Blanking Plate Rusted off Back of Multi Fuel Stove

Hi All,

I live in a rural property with no gas mains, I rely on a Hunter multi-fuel stove that's always been relatively trouble free.

The other night I heard a metallic thud, assumed it was the cat knocking something over and thought nothing of it.

A week or so later I was giving my stove its annual fettle before the chimney gets swept (not been in use so far this season) and noticed a lovely hole at the back of the stove above the baffle plate.

Had no idea what this was, did a bit of research and turns out it's the blanking plate for the rear flu exit, if it was going out the back (it goes out the top exit).

It looks like it's meant to be held in by 4 bolts, but these are well and truly disintegrated into rust and it's difficult to even make out the holes on the back of the stove.

So, this leads me to two questions:

Can this be fixed? I'm handy with a spanner, but don't fancy taking a hammer or a drill to my only source of heat. I'm *hoping* the existing bolts can be drilled out, the holes tidied up and re-tapped, and a new blanking plate installed with the help of some fire cement for good measure to keep it in place.

Second question: can anyone recommend any stove engineers in West/South Yorkshire (I'm based near Barnsley/Huddersfield)? I'm finding it incredibly difficult to find a company that maintains/repairs stoves, most I can find seem to just talk about installing new ones.

I've attached a few pictures for reference, two showing the plate and one showing the interior of the stove with the big hole left at the back. I'm happy to purchase a new blanking plate etc. if it can be fixed. The stove seems fine otherwise and has always passed the smoke test when swept.

Any thoughts appreciated!! Of course it decides to fall off as we approach winter!


Comments

  • lohr500
    lohr500 Posts: 925
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    I guess it depends how much sound metal is left around the four lugs on the back wall of the stove.

    A couple of suggestions which you would need to decide for yourself if they are safe or doable.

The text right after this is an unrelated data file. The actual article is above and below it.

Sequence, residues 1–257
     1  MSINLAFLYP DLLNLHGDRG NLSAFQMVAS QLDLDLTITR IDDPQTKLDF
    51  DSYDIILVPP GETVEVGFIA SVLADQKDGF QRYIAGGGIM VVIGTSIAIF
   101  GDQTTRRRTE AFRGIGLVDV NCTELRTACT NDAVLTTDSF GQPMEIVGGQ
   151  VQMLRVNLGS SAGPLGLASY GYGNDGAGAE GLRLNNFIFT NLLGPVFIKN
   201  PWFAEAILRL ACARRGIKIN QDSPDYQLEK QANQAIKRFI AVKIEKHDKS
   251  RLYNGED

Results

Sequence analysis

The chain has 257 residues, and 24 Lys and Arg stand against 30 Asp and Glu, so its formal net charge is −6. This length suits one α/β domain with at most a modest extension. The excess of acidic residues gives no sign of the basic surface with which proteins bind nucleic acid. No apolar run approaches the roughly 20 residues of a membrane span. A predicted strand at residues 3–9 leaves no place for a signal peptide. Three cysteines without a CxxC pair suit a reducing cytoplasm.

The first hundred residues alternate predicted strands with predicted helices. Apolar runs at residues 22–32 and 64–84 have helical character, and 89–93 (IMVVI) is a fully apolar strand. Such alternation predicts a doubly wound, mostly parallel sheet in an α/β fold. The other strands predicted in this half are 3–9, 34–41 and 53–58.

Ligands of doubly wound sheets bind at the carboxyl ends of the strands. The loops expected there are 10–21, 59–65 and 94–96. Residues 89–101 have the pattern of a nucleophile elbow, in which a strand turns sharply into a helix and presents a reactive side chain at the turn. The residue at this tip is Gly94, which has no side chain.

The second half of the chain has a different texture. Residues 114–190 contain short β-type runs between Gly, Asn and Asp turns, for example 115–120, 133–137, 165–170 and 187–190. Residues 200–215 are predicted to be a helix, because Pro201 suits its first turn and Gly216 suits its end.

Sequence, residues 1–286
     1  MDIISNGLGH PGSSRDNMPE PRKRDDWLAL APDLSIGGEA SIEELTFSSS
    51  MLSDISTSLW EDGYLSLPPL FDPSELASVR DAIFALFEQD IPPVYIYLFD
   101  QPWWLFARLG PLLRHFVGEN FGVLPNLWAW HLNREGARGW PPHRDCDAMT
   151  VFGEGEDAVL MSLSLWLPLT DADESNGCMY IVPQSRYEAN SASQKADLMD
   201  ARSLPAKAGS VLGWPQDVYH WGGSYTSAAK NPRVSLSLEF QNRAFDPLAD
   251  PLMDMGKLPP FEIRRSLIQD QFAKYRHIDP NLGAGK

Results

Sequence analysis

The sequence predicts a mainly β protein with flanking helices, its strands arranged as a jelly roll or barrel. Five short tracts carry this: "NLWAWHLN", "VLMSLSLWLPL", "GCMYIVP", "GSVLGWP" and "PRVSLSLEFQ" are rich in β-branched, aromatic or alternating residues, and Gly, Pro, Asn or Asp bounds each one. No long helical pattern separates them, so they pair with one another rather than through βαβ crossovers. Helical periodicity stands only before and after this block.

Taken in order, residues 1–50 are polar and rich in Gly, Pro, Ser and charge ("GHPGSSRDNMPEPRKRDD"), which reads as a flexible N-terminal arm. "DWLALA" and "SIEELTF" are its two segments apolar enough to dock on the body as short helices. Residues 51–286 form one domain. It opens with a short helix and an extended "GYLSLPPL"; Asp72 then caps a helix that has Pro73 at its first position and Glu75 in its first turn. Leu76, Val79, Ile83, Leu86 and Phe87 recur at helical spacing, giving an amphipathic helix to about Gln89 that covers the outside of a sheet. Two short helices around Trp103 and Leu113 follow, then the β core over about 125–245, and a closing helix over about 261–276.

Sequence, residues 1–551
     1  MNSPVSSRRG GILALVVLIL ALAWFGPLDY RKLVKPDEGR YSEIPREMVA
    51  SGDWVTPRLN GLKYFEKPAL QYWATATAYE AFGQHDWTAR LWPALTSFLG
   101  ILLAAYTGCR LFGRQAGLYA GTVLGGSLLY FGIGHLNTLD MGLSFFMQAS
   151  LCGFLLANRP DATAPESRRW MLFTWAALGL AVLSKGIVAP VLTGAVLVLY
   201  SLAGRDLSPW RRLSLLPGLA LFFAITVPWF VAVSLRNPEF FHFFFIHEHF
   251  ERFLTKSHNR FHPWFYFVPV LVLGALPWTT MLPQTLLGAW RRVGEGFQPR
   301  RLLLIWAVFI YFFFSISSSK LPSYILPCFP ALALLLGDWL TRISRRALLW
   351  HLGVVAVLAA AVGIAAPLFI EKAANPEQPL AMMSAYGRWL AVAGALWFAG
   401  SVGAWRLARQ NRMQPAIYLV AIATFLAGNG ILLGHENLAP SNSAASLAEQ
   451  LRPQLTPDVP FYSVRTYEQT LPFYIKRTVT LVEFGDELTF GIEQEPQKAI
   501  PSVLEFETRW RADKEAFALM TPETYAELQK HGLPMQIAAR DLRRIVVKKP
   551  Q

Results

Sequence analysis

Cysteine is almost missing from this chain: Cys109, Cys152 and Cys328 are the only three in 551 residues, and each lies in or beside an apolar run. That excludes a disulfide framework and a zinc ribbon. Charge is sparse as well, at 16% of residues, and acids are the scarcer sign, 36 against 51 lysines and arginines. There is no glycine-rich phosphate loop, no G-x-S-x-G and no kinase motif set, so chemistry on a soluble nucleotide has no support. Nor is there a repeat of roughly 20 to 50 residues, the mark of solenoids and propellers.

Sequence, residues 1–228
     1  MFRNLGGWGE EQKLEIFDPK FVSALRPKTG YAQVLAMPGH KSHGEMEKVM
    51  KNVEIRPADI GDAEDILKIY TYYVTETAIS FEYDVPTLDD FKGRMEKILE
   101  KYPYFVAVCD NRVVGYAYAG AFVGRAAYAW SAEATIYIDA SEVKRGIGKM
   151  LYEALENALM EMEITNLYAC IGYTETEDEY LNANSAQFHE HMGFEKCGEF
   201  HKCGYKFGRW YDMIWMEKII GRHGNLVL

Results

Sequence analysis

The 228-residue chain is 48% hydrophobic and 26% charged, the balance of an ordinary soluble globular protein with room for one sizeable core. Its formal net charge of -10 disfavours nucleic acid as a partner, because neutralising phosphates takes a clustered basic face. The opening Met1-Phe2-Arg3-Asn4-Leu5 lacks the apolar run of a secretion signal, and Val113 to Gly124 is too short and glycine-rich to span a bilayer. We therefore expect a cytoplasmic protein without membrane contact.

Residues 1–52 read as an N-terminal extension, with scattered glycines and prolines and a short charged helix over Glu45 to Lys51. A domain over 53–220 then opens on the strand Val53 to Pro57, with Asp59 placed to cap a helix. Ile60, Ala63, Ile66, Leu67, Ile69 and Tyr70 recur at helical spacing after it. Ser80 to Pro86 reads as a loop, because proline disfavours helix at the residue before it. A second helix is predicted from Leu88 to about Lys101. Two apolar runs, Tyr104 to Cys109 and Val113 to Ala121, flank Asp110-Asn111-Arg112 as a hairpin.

If the lugs are still solid, could you drill out the remains of the threaded fasteners on the back of the stove, drill right through the corresponding areas on the blanking plate and then refit the blanking plate using stainless nuts/bolts and copious amounts of high temperature stove sealer to seal the plate against the rear panel and the bolt holes through the blanking plate?

    Alternatively drill a hole in the centre of the blanking plate (or two equally spaced holes)  and place a piece of thick section flat bar across the inner face of the rear wall of the stove with a corresponding hole/s. Then clamp the two together using  stainless nut/s and bolt/s, with plenty of sealer on the plate and around the bolt hole.


  • Thanks, I took a bit of time tonight and got all the old bolts out and tidied up the hole with a wire brush. There’s a good bit of metal left and only surface corrosion. 

    Just wondering if you know how tight the nuts should be that hold the blanking plate in place? I know the glass clips need to be finger tight, but I imagine the blanking plate nuts need to be tighter? Any ideas?
  • FreeBear
    FreeBear Posts: 14,253
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    Personally, I'd use fibreglass rope as a seal. But if you are going to use something like fire cement, the bolts/nuts don't need to be tight. Do them up finger tight, and then nip them up  bit. The fire cement will expand and put a bit more pressure on the bolts.
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  • lohr500
    lohr500 Posts: 925
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    Good news on removing the bolts.

    I think I would use a quality fire cement like Soudal HT as I think it would be easier to ensure you get a good seal around the whole of the blanking plate and possibly easier to install than trying to hold fibreglass rope in place. (Unless there is a recess in the back face of the stove for a rope seal to sit in.